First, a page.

Enum idiom

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Prior to version 1.5, Java had no native support for enumerated types. This led to some nasty practices, and an idiom to avoid the nastiness. In Java 1.5, the idiom has become part of the language.


Old Java enum idiom

Cay Horstmann 2002, p269 gives an idiom for implementing enums in Java.

Common practice

   public static final int SMALL  = 1;
   public static final int MEDIUM = 2;
   public static final int LARGE  = 3;

But this is not very satisfactory, because the compiler can't check type errors. E.g.

   int size = LARGE;

The typesafe enumeration idiom

Make a class to define the enum.

   public class Size {
       private String name;
       public static final Size SMALL  = new Size("SMALL");
       public static final Size MEDIUM = new Size("MEDIUM");
       public static final Size LARGE  = new Size("LARGE");
       private Size(String name) {
           this.name = name;
       public String toString() {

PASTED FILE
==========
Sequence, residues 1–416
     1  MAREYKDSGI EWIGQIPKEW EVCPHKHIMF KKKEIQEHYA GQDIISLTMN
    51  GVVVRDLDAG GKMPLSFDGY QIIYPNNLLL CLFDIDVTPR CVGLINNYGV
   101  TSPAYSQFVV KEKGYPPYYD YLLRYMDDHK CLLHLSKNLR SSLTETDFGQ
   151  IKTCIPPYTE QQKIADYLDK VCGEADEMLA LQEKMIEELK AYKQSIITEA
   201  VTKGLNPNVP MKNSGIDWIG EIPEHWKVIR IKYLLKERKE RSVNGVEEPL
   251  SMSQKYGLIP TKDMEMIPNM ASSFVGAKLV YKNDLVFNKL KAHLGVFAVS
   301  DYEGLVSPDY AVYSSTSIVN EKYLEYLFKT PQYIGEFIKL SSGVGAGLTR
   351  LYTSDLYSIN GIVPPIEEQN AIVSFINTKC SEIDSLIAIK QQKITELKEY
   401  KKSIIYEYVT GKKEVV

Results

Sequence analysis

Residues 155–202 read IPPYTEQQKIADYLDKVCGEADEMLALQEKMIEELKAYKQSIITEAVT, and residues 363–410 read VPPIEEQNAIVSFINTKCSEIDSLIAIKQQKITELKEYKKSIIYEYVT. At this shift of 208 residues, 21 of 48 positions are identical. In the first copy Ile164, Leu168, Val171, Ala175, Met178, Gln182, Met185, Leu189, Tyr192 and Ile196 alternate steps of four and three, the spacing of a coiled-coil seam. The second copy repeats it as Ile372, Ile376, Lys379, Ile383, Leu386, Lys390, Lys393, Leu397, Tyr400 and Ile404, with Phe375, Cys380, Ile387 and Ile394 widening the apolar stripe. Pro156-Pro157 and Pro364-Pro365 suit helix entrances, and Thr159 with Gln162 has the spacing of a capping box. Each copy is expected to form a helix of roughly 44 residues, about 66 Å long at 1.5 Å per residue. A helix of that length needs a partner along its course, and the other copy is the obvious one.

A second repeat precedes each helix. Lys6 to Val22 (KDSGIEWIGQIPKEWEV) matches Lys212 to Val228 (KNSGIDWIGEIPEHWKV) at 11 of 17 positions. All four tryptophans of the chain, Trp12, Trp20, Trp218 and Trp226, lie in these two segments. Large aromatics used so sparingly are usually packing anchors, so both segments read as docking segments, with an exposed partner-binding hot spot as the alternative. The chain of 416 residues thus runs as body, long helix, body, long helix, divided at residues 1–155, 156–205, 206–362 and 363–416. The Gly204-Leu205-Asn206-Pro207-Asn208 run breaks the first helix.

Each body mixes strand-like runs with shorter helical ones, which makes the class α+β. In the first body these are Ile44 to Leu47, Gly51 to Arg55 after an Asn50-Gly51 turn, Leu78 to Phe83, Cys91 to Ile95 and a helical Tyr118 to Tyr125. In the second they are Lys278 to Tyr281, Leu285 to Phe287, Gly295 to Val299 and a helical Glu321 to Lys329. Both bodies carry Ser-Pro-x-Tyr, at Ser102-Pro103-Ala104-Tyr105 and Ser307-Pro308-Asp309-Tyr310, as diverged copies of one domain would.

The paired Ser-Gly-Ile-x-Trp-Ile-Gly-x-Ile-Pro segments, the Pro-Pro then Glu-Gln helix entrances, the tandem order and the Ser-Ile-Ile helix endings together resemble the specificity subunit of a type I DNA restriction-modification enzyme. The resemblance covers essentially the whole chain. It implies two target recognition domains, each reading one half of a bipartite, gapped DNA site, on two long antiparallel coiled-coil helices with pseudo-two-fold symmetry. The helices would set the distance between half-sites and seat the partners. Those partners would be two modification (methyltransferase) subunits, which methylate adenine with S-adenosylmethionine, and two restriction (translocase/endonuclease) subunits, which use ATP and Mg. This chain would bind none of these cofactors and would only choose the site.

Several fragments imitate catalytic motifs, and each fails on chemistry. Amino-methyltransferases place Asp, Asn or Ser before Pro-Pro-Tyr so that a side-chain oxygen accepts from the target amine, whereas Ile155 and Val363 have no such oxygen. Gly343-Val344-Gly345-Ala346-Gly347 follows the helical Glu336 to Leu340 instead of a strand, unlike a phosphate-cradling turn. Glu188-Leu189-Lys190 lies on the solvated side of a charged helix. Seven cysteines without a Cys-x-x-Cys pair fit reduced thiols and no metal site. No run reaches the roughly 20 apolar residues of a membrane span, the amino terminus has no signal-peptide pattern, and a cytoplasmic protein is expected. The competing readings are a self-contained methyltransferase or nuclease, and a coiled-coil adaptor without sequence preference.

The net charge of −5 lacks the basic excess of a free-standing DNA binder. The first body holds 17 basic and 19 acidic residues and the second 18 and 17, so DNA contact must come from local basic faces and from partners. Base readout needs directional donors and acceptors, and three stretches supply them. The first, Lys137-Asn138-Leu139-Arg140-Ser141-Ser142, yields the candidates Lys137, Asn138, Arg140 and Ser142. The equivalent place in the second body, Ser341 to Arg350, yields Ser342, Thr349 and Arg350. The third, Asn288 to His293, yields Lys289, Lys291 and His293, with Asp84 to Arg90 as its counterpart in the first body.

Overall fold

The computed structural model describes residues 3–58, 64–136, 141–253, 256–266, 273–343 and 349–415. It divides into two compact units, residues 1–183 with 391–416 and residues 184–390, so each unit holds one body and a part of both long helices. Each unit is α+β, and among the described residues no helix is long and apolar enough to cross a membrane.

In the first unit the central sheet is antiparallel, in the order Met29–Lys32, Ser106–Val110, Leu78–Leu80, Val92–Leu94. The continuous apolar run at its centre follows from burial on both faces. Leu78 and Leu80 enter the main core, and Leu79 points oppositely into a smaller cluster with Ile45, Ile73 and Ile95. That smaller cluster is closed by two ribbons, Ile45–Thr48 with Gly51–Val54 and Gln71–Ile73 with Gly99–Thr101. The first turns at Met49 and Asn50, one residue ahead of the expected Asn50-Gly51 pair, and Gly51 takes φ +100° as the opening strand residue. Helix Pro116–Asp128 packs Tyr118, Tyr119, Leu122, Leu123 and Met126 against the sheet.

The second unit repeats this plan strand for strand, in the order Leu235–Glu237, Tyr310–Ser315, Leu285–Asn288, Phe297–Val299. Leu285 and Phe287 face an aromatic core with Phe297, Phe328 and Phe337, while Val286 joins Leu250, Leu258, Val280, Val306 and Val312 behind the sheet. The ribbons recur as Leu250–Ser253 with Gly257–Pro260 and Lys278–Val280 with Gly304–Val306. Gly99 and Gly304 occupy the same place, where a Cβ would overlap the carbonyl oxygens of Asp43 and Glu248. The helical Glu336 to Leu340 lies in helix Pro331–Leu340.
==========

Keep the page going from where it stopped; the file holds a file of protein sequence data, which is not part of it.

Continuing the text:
return name;


  • You don't really need the 'name' String. It is useful for debugging, though.
  • You can add whatever other attributes you like to the class.
  • The constructor is private, so illlegal values can't be created.

The Java 1.5 solution

Java 1.5 has new syntax to support this idiom.

If you have simple needs, it looks like this:

   public enum Size { SMALL, MEDIUM, LARGE }

You can use `Size` like this:

   Size howBig = Size.MEDIUM;

And, (if you know the new Java `for` syntax), like this:

   for (Size s: Size.values())

Under the hood, Java is really creating a new class called `Size`, just like the idiom. This means you can do fancier things, like:

   public enum Size {
       private int diameter;
       public Size(int theDiameter) {
           diameter = theDiameter;
       public void printDiameter() {

As you would expect, we can use our enum like this:

   for (Size s: Size.values())

See also

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